Catherine Johnston’s interest in ecology and fisheries research inspired her to pursue a Master of Science degree at the University of Maine studying how the recent removal of two dams might open up critical spawning habitat for endangered shortnose sturgeon (Acipenser brevirostrum). When the Veazie and Great Works dams were constructed (in 1900 and 1912 respectively) nearly 1000 miles of habitat was inaccessible for eleven different species of sea-run fish. Through the Penobscot River Restoration Project, 14 km of ancestral spawning grounds for the sturgeon have been reopened. However, one of the questions that Johnston has explored through her research was how much of this newly opened habitat could be suitable for spawning sturgeon today.
Shortnose sturgeon spend part of their lifecycle in freshwater and part in marine systems. Their distribution ranges from the St. Johns River in Florida to the St. John River in New Brunswick, Canada. Through barriers to critical habitat (dams), fishing pressure, and habitat degradation, the shortnose sturgeon has experienced substantial population declines. Reopening of freshwater habitat through the process of dam removal and river restoration is one step towards increasing the potential for recovery of this species.
“Because they spend time on the river bottom and are rarely seen, shortnose sturgeon are unappreciated by most people. I loved having the opportunity to spend time on the river catching them to implant acoustic tags. They are impressive to handle and they really do look prehistoric. Each individual has unique qualities like the coloration of their scutes and it was always fun to recapture individuals and to figure out their history.”
Johnston’s research blended hydrodynamic simulation with field-measurements to predict the distribution and amount of suitable spawning habitat located within the Penobscot River in an area upstream of the former Veazie Dam (see Figure 1). Hydrodynamic models are tools for describing the movement of water in a system such as a river. Field-measurements for features such as discharge, depth, and bottom substrate allows for verification of the model outputs. While both river discharge and temperature levels appropriate for shortnose sturgeon are observed annually within the Penobscot River, spawning of shortnose sturgeon within this river system has not be recorded. The location of spawning sites is strongly influenced by three variables: depth, velocity, and bottom substrate. Johnston used the hydrodynamic modeling program River2D to simulate river conditions over a range of discharge rates and predicted habitat suitability using a Habitat Suitability Index (HSI) based on these three variables. The HSI reflects characteristics on a scale from 0 to 1. HSI categorizes habitat as high suitability (0.7-1), moderate suitability (0.4-0.69) and low suitability (below 0.39). Johnston then created visual representations of the HSI for the area of river being studied. These maps can then be used to plan future surveys in the area (see Figure 2).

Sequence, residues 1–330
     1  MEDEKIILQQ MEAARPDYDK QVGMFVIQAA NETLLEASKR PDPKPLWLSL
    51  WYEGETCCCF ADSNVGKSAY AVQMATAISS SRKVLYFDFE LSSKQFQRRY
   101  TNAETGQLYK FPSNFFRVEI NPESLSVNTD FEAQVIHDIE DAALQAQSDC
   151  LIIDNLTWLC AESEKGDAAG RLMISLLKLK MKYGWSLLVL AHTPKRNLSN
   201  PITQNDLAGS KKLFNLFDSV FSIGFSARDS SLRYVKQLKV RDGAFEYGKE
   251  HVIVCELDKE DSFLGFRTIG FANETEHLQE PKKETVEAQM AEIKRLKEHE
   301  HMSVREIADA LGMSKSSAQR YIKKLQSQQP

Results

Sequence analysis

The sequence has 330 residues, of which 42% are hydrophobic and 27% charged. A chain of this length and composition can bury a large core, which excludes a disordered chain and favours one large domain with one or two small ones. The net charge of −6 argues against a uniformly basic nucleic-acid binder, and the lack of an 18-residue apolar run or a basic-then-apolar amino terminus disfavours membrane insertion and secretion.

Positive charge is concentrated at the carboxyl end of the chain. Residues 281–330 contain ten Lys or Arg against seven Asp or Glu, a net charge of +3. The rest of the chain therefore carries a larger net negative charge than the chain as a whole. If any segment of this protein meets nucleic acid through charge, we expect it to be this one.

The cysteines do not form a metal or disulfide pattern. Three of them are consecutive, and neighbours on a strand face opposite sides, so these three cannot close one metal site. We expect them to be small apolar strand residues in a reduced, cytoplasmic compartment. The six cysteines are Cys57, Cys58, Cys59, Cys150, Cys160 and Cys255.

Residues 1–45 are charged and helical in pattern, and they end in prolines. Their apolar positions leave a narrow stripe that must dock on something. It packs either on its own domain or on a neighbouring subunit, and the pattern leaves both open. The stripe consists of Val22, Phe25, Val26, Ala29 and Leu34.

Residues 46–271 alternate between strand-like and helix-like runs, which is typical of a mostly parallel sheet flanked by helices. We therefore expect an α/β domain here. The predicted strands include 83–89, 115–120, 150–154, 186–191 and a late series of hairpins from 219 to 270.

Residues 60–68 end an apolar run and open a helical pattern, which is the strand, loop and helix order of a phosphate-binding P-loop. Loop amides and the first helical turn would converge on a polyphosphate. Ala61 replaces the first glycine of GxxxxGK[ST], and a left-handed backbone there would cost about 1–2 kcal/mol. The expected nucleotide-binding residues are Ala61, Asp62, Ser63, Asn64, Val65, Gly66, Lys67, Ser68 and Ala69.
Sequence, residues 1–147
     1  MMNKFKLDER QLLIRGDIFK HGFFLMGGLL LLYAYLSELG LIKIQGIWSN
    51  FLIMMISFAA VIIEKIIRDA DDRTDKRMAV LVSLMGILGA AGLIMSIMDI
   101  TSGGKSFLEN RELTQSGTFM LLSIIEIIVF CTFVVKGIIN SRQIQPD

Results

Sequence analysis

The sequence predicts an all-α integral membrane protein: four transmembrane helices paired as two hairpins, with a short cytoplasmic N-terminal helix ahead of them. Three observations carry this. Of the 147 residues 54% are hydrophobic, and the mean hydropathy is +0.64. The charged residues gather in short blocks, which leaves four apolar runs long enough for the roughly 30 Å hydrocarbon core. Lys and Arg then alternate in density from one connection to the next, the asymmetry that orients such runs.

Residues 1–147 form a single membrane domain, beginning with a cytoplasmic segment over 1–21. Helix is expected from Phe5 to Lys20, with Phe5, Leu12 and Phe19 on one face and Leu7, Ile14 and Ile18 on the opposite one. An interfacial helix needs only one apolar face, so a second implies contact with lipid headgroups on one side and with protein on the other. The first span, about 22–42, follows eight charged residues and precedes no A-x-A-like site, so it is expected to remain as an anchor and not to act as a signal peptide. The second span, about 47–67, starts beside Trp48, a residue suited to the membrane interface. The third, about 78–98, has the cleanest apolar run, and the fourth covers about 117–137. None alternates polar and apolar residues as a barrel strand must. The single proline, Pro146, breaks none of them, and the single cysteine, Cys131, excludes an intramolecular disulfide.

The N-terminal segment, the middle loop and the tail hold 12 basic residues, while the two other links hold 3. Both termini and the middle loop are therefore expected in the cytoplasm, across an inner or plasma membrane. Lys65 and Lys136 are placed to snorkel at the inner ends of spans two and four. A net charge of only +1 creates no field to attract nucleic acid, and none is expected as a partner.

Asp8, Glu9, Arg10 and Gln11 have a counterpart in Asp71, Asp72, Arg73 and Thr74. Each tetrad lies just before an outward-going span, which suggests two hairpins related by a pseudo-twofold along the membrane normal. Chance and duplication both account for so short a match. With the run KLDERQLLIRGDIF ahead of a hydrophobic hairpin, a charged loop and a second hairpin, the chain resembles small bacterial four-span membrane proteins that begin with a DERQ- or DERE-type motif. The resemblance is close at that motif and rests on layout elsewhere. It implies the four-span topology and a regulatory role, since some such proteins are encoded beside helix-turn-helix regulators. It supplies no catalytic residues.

“The results of my habitat suitability research indicate that, if shortnose sturgeon move into the study area during the spring, they will find usable habitat for spawning. This work can serve as a starting point for understanding the quality of habitat that was made available by the PRRP dam removals.”
Monitoring of adult movements and spawning will be vital for gauging the restoration of this endangered species. Tagging adults and surveying for eggs and larvae is critical in this process. The habitat suitability model provides an important tool in determining the most likely locations for observing spawning and spawning success.
“In the future, researchers can use similar methods to study other reaches in the Penobscot to predict habitat suitability. Habitat suitability maps can be used in planning field sampling; targeting areas predicted to offer suitable habitat for spawning can maximize the likelihood of collecting eggs and larvae to confirm that shortnose sturgeon have begun to spawn in the river.”
Johnston CK. 2016. Shortnose sturgeon (Acipenser brevirostrum) spawning potential in the Penobscot River, Maine: Considering dam removals and emerging threats. M.Sc. Thesis, School of Marine Sciences, The University of Maine, Orono, ME.